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Open AccessArticle

A Randomized Comparison of Plasma Levobupivacaine Concentrations Following Thoracic Epidural Analgesia and Subpleural Paravertebral Analgesia in Open Thoracic Surgery

1
1st Department of Surgery—Department of Abdominal, Thoracic Surgery and Traumatology, First Faculty of Medicine, Charles University in Prague and General University Hospital in Prague, 128 00 Prague, Czech Republic
2
Medical Faculty, Masaryk University, 625 00 Brno, Czech Republic
3
Department of Anaesthesia and Intensive Care, First Faculty of Medicine, Charles University in Prague and General University Hospital in Prague, 128 00 Prague, Czech Republic
4
Institute of Pharmacology, First Faculty of Medicine, Charles University in Prague and General University Hospital in Prague, 128 00 Prague, Czech Republic
5
Department of Anaesthesia, Antrim Area Hospital, Antrim BT41 2RL, UK
*
Author to whom correspondence should be addressed.
J. Clin. Med. 2020, 9(5), 1395; https://doi.org/10.3390/jcm9051395
Received: 4 March 2020 / Revised: 24 April 2020 / Accepted: 6 May 2020 / Published: 9 May 2020
(This article belongs to the Section Anesthesiology)
Background: The aim of this study was to compare plasma levobupivacaine concentrations in thoracic epidural and subpleural paravertebral analgesia. Methods: Forty-four patients indicated for open lung resection had an epidural catheter inserted preoperatively or a subpleural catheter surgically. A bolus of 0.25% levobupivacaine at a dosage of 0.5 mg × kg−1 was given after the thoracotomy closure. Plasma levobupivacaine level at 30 min was the primary outcome. Pharmacokinetic modeling was performed subsequently. Secondary outcomes included the quality of analgesia, complications, and patients’mobility. Results: Plasma concentrations were similar 30 min after application—0.389 mg × L−1 in the epidural and 0.318 mg × L−1 in the subpleural group (p = 0.33) and lower in the subpleural group at 120 min (p = 0.03). The areas under the curve but not maximum concentrations were lower in the subpleural group. The time to reach maximum plasma level was similar in both groups—27.6 vs. 24.2 min. No clinical symptoms of local anesthetic toxicity were recorded. Conclusions: Levobupivacaine systemic concentrations were low in both groups without the symptoms of toxicity. This dosage should be safe for postoperative analgesia after thoracotomy. View Full-Text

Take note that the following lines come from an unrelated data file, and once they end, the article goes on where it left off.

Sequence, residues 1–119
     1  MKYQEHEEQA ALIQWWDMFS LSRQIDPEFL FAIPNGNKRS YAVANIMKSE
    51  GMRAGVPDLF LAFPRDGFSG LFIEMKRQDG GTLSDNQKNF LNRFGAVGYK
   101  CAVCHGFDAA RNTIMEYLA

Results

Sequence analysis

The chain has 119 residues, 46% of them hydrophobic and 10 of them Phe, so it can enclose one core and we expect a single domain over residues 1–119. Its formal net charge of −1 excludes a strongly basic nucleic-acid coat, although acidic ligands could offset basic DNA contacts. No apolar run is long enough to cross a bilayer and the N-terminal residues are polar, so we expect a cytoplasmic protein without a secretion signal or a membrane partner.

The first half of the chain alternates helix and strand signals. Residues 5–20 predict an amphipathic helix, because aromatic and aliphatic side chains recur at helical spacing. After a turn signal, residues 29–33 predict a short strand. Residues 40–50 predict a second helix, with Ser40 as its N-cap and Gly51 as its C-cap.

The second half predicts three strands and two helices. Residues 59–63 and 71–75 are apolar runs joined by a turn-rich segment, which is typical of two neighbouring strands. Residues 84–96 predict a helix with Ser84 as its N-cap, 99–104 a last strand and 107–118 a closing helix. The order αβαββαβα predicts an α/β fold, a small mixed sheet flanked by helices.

Keywords: thoracotomy; epidural analgesia; subpleural catheter; levobupivacaine; toxicity thoracotomy; epidural analgesia; subpleural catheter; levobupivacaine; toxicity
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Matek, J.; Cernohorsky, S.; Trca, S.; Krska, Z.; Hoskovec, D.; Bruthans, J.; Sima, M.; Michalek, P. A Randomized Comparison of Plasma Levobupivacaine Concentrations Following Thoracic Epidural Analgesia and Subpleural Paravertebral Analgesia in Open Thoracic Surgery. J. Clin. Med. 2020, 9, 1395.

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